Via Greppi

Ludovico il Moro (by Andrea Ravo Mattoni)

Sito n. 56 del Museo Diffuso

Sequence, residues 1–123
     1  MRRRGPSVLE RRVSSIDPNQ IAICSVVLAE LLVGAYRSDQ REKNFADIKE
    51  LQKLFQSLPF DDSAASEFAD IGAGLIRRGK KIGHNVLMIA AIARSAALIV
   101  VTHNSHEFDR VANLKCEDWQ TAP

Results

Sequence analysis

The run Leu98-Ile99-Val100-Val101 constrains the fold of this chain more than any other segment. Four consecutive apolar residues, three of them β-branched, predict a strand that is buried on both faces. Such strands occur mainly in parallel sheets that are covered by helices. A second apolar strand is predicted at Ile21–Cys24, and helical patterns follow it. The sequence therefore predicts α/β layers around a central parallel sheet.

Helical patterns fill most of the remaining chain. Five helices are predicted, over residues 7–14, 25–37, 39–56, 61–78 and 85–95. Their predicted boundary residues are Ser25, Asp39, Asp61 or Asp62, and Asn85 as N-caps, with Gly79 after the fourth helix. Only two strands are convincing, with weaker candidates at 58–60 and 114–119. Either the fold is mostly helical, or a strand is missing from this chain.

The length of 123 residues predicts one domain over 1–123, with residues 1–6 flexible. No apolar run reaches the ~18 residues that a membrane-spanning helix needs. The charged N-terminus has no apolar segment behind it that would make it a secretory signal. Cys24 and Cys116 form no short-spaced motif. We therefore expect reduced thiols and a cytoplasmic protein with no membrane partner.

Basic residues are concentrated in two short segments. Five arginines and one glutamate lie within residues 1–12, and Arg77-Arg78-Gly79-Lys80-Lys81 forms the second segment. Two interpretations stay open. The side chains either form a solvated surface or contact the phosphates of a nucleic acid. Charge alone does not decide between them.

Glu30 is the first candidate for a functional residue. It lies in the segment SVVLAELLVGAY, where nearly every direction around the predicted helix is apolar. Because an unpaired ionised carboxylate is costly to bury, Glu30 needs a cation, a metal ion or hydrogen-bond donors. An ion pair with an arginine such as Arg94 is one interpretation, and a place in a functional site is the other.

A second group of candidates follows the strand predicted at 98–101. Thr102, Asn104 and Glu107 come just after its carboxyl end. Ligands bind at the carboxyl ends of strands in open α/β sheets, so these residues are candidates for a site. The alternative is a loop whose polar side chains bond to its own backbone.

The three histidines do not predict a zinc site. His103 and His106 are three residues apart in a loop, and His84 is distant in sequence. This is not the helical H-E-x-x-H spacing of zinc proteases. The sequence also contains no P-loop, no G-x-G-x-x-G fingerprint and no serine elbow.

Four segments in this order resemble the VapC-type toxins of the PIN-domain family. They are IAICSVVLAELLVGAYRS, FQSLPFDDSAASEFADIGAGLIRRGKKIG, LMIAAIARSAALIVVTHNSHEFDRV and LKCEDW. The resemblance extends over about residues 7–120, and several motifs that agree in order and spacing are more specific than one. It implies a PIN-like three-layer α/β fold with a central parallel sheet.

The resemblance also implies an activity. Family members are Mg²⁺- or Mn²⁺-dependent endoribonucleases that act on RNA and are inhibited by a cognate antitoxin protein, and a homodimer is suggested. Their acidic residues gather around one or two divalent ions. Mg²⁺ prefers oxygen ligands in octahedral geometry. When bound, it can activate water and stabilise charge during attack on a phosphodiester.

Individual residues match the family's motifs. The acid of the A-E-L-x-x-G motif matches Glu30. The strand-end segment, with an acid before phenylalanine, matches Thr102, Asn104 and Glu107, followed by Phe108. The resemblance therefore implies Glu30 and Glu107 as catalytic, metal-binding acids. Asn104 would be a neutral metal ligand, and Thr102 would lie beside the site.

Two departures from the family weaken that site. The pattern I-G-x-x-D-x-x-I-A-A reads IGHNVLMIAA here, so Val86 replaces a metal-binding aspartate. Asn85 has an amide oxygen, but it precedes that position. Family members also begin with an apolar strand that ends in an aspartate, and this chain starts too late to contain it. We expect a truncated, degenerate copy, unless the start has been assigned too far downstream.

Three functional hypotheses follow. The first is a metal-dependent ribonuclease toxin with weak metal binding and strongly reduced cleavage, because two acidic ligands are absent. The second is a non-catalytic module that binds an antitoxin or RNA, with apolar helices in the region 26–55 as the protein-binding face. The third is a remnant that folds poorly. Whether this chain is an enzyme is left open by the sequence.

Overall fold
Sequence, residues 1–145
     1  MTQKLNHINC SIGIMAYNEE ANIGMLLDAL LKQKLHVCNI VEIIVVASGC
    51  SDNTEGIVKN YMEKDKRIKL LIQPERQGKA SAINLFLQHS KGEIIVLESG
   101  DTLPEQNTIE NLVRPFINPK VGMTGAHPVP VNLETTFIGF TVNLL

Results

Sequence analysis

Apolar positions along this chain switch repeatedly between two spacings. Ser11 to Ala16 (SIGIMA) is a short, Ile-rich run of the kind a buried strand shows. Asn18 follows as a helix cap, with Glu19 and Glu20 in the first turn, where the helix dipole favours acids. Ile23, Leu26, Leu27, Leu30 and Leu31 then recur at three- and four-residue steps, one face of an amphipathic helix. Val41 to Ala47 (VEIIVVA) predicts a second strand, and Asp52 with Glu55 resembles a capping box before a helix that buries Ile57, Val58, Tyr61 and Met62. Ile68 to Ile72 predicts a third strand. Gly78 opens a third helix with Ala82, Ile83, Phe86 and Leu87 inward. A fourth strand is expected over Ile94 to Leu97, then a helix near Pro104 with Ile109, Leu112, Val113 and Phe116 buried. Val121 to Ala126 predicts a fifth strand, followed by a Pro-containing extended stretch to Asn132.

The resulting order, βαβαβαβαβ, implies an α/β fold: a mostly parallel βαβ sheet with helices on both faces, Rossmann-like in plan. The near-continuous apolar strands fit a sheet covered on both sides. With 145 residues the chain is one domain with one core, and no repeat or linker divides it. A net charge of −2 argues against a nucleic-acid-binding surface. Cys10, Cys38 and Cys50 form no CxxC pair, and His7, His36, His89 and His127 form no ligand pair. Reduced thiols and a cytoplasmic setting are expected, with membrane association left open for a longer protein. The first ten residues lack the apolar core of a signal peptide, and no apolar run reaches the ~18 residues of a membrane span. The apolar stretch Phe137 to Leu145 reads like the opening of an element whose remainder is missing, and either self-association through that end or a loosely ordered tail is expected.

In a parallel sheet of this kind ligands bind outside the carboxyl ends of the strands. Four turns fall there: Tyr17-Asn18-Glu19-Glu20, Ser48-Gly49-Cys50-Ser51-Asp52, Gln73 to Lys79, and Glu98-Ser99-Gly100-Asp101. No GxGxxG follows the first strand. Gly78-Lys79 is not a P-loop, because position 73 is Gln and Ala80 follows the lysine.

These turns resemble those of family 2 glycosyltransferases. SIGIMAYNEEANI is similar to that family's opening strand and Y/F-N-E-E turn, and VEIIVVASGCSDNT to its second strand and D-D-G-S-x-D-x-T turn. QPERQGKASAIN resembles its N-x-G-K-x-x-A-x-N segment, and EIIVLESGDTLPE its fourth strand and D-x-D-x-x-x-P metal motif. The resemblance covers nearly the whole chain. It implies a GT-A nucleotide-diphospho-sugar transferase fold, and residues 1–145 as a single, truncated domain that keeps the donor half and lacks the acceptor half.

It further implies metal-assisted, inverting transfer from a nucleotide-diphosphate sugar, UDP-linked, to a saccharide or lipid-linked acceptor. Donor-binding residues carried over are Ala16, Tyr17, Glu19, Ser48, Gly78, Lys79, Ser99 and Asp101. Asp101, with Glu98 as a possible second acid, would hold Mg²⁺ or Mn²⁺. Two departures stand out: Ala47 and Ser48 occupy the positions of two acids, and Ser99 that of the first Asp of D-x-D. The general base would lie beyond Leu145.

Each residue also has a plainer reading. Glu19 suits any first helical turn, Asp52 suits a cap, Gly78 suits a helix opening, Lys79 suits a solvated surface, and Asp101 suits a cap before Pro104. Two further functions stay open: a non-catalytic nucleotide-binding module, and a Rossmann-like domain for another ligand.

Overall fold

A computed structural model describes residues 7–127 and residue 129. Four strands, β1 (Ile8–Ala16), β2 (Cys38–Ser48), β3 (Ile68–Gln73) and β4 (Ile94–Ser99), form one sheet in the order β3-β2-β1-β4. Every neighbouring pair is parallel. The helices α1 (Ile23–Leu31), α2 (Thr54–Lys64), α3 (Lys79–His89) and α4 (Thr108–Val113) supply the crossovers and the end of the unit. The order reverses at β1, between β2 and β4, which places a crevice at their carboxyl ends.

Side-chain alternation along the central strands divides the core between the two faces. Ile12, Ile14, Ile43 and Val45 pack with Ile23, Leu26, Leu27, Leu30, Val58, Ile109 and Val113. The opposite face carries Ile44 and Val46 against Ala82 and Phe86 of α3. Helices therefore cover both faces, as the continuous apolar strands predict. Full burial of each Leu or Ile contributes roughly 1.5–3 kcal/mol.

Detail of wall painting from the House of Forni with a portrait of Ludovico Maria Sforza (Il Moro) in armour surrounded by a garland. Andrea Ravo Mattoni, 2019, spray paint on PVC canvas, 1.3 x 1.3 m. The painting was recently rediscovered and restored during rebuilding work in the House of Forni, in Via Greppi; it is not open to the public. It is located on the upper part of a wall in a room on the first floor which has paintings on all four walls. Portraits of men and women belonging to local noble families, including the Castiglioni, Besozzi and Sforza, are enclosed by garlands and flanked by their coats-of-arms; the Roman emperor Nerva (perhaps associated with legends regarding the Sforza family) is also shown. The portraits include Francesco I Sforza, Bianca Maria Visconti and Ludovico Maria Sforza, known as Il Moro. The coats-of-arms and portraits would appear to date to the late 1400s, just before the fall of Ludovico il Moro in 1499. Beneath them are decorative plant motifs joined by knotted ribbons, similar to frescoes by Leonardo da Vinci in the Sala delle Asse in Castello Sforzesco, Milan. Studies suggest that the house may have belonged to Ettore Besozzi and Clara Castiglioni and that the wall paintings were executed on the occasion of their wedding. The presence of Sforza coats-of-arms and portraits may also indicate that the building was the seat of the Captain of the Lake, a magistrate who controlled the shores of Lake Maggiore on behalf of the Duke of Milan. The Visconti's possessions on the lake, including the Rocca di Angera, passed to the Borromeo family in 1447. Ludovico il Moro tried to regain control of the Maggiore duchy by basing the Captain in Angera, giving it the status of 'città' (independent of the feudal system) in 1497 and thus guaranteeing its autonomy from the Borromeos. Moro also granted Angerans the right to hold one market and two fairs each year, one for cattle in spring, and one in September for the harvest, which is still celebrated today with parades of wagons. The wall paintings are currently being studiedSee Angera Open-Air Museum Site 8 -

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